Combining data acquired using different imaging modalities and as such establishing a direct spatial relationship between anatomical and functional information would benefit both myocardial viability assessment and ischemia diagnosis. The main motivation of the project so far was to automatically generate and visualize an integrated cardiac model, hinging on data provided by three different magnetic resonance imaging protocols. Once the model is available regional cardiac parameters such as volumes at different time points in the cardiac cycle, ejection fraction, thickness and wall thickening can be automatically extracted. Furthermore the same model was applied to longitudinal data belonging to patients with proven myocardial infarction and extracted parameters compared to the ones obtained by a previous study that relied on a side-by-side manual extraction of indices and during which the correspondence of infarct location was visually assessed.
Initial results indicate that automatic fusion of CMR morphologic and functional data is feasible in the case of longitudinal studies and can potentially speed-up and improve the accuracy with which post-infarct remodeling is analyzed. The results are comparable with manually extracted values, which indicates that the method has clinical utility.
Three-dimensional echocardiography in the evaluation of global and regional function in patients with recent myocardial infarction: a comparison with magnetic resonance imaging.
Echocardiography 2013 Jul;30(6):682-92. Epub 2013 jan 24
Strain rate imaging combined with wall motion analysis gives incremental value in direct quantification of myocardial infarct size.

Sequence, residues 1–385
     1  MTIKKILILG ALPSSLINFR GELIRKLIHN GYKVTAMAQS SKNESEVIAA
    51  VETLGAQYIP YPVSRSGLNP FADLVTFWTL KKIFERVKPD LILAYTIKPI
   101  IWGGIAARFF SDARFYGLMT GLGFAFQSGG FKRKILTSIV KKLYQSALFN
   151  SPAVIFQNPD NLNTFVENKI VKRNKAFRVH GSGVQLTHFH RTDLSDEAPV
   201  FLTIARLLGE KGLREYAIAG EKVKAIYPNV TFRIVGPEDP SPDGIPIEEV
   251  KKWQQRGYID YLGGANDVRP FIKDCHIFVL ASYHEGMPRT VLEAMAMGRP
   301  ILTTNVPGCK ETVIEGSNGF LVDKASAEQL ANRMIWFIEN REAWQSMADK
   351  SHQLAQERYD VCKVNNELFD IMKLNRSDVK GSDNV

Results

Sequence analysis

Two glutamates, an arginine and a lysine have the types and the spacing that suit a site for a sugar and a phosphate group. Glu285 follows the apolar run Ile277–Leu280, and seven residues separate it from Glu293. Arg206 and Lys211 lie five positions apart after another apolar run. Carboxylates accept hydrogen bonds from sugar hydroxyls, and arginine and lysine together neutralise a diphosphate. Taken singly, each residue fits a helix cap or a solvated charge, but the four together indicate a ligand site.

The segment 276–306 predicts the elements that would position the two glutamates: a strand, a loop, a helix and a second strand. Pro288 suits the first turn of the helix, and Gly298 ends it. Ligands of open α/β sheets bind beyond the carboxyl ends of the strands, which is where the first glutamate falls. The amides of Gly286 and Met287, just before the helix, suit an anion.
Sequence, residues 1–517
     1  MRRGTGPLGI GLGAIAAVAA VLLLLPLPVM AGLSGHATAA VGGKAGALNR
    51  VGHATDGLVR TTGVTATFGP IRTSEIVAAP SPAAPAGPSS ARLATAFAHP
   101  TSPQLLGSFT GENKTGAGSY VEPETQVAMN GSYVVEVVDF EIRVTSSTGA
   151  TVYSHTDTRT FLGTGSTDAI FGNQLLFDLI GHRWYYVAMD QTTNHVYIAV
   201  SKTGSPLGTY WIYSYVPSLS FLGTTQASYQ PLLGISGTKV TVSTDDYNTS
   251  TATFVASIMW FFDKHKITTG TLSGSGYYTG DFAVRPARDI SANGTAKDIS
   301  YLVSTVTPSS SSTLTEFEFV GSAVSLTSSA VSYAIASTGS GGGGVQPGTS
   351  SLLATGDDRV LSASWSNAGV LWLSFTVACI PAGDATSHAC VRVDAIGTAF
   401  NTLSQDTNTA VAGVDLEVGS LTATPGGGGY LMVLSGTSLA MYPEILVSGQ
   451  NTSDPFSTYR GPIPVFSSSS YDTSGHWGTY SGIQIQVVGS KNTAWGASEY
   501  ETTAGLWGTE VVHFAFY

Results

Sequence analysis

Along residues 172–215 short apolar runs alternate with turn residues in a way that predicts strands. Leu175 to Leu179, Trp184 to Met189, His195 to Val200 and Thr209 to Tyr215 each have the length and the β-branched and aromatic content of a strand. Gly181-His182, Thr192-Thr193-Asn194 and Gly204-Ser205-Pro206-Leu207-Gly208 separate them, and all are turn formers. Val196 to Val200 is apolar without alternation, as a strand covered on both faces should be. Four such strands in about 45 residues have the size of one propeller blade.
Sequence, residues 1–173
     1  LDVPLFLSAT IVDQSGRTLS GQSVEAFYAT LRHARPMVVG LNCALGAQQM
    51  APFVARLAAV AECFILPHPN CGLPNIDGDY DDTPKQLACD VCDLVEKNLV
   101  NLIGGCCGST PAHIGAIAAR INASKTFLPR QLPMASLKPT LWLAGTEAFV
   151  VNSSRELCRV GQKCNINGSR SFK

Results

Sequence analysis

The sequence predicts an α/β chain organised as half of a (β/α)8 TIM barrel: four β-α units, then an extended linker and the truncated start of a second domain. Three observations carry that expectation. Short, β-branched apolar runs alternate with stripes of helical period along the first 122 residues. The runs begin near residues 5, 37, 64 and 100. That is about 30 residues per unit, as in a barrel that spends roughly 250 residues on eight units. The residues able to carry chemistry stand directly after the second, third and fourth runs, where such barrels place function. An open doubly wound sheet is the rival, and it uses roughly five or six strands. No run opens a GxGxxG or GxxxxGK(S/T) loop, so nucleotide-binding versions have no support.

Eur Heart J Cardiovasc Imaging 2012 Nov;13(11):914-21. Epub 2012 apr 12
Comparison of a new methodology for the assessment of 3D myocardial strain from volumetric ultrasound with 2D speckle tracking.
Int J Cardiovasc Imaging 2012 Jun;28(5):1049-60. Epub 2011 aug 17
Fusion of 3D echo and cardiac magnetic resonance volumes during live scanning
Proceedings of IEEE international ultrasonics symposium, Prague, Czech Republic, 2013
Visibility driven visualization of 3D cardiac ultrasound data on the GPU
Proceedings - IEEE Ultrasonics Symposium. 2012
HeartPad: real-time visual guidance for cardiac ultrasound
Proceedings of the Workshop at SIGGRAPH Asia. 2012
Adaptive volume rendering of cardiac 3D ultrasound images - utilizing blood pool statistics
Proceedings of SPIE, the International Society for Optical Engineering. 2012
Fusion of 3D echocardiographic and cardiac magnetic resonance volumes
Proceedings - IEEE Ultrasonics Symposium. 2012
Multi-modal cardiac image fusion and visualization on the GPU
IEEE International Ultrasonics Symposium; Orlando, USA
Per-Pixel Adaptive Opacity Transfer Function for Cardiac Ultrasound Visualization
2011 Joint National Ph.D. Conference in Medical Imaging and MedViz Conference
3D moving boundary conditions for heart CFD simulations - from echocardiographic recordings to discretized surfaces
MekIT'11: Sixth National Conference on Computational Mechanics, Trondheim 23-24 May 2011. Tapir Akademisk Forlag 2011 ISBN 978-82-519-2798-7. s. 33-46